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This is how Tokyo is Coping with COVID-19 100 Days Before the Olympics

On Friday, April 9, the Japanese government will approve tougher coronavirus measures for the capital, weeks after the lifting of the state of emergency and with just over 100 days of the Tokyo Olympics being postponed.

However, such restrictions appear to be less stringent than some of the general closures enforced in other countries and mainly require restaurants and bars to close at 8 pm, with the threat of fines for those that do not.

This Is How Tokyo Is Coping With The Coronavirus 100 Days Before The Olympics

Screengrab of a video report by NHK World

Close to 100 Days Before the Olympics, this is how Tokyo is Coping with COVID-19

Such measures have already been in force in virus hotspots including Osaka city, where a rebound in cases has forced the Olympic torch relay off public roads, NHK World reported.

The pandemic-delayed 2020 Games are set to open on July 23 in Tokyo, but a surge in cases in parts of the country is creating new concern.

Japan’s government imposed a virus state of emergency across several regions starting in January, lifting it gradually, with Tokyo exiting the measure last.

Despite these efforts, cases have rebounded quickly in some areas where the measure was lifted sooner, particularly in Osaka.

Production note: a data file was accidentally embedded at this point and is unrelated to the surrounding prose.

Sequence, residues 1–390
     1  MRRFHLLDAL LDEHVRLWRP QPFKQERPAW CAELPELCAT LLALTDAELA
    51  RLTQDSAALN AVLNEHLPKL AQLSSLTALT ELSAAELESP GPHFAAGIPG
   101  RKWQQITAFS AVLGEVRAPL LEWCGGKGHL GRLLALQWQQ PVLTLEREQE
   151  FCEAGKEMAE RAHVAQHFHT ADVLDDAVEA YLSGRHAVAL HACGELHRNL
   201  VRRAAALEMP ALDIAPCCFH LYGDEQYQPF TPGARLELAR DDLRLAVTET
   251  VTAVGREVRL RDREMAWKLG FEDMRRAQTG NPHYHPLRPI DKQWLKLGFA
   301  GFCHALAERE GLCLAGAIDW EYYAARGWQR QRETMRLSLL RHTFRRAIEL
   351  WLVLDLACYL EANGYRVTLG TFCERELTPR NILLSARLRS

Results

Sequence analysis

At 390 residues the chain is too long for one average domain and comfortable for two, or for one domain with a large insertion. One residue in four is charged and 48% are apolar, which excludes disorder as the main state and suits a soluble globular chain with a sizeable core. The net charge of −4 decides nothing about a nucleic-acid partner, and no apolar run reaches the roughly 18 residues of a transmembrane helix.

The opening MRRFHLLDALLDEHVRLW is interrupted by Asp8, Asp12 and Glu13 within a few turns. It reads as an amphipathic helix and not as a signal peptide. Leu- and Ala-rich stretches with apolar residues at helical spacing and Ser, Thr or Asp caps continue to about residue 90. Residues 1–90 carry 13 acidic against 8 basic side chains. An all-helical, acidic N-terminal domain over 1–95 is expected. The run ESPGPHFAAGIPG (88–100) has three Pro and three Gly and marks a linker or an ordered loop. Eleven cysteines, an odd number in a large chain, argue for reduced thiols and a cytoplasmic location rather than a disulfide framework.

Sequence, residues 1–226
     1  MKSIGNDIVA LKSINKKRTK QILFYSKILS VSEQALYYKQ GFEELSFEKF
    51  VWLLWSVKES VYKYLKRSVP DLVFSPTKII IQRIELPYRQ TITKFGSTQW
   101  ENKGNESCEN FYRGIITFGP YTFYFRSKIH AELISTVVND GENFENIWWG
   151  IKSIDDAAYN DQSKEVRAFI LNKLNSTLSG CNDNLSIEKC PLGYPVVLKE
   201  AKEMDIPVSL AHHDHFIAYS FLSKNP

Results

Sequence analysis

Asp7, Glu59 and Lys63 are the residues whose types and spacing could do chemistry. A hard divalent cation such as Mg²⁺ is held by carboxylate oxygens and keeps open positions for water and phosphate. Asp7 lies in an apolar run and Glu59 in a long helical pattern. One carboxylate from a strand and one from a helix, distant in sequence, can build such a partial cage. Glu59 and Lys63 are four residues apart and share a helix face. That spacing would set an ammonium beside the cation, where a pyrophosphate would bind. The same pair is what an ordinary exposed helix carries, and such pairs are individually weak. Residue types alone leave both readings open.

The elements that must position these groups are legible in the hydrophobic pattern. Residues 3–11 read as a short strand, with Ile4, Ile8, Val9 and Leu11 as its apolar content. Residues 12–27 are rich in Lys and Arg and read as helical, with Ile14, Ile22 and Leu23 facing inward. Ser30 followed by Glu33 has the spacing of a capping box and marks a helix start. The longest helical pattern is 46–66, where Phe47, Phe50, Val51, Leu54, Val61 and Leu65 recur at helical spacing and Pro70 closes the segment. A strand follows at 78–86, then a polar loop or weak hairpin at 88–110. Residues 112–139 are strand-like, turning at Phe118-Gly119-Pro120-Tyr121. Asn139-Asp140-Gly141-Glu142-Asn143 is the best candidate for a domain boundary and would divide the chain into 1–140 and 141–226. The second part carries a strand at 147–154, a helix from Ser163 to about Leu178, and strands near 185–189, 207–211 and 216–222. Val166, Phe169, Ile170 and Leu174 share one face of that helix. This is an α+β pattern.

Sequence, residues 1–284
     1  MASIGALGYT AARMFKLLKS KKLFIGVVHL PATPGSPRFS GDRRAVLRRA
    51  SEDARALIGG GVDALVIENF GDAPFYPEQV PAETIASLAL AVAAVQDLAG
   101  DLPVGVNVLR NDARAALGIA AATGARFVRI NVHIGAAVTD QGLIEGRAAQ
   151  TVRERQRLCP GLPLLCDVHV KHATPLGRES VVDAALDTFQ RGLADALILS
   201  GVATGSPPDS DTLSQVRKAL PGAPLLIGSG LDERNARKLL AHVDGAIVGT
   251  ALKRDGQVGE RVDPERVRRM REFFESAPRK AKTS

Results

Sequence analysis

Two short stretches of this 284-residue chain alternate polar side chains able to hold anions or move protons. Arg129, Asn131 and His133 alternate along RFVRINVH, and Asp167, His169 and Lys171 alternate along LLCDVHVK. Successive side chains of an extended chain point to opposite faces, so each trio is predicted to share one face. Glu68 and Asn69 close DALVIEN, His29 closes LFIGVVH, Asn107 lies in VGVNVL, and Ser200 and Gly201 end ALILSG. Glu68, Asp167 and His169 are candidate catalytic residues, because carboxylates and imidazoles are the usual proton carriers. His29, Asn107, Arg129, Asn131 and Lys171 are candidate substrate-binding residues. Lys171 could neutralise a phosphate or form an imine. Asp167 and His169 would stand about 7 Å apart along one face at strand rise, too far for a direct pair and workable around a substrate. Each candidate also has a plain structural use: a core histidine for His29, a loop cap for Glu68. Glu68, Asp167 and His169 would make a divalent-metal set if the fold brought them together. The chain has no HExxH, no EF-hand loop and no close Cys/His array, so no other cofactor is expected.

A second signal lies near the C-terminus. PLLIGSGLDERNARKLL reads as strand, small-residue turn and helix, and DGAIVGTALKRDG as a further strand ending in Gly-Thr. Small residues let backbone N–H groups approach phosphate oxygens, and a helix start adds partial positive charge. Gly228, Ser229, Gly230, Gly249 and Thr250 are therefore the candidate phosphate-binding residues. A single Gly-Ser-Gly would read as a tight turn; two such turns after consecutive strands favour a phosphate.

In line with this, Tokyo Governor Yuriko Koike said on Thursday said, “It is urgent that we take more and stronger steps such as reducing the flow of people between major cities, or else we are bound to see a situation where infections will spread and become more serious.”

On a positive note, Japan has avoided the severe Covid-19 outbreaks seen elsewhere and has suffered around 9,300 deaths overall.

That said, it is also worth noting that the country’s vaccine rollout is moving slowly, with only the Pfizer/BioNTech jab approved so far, and physicians have reported the spread of more contagious variants.

The new measures covering central Tokyo and other select areas are expected to be announced later on Friday and will be in effect from Monday to May 11. The city of Kyoto and areas of Okinawa – both generally flooded with visitors during the Golden Week holiday period from late April to early May – are also expected to face tighter restrictions with virus border controls until May 5.

Olympic organizers are moving forward with preparations for the Games, with national swimming qualifiers this week, but some trial and qualification events involving international officials and participants have been postponed due to strict anti-virus checks at Japan’s borders.

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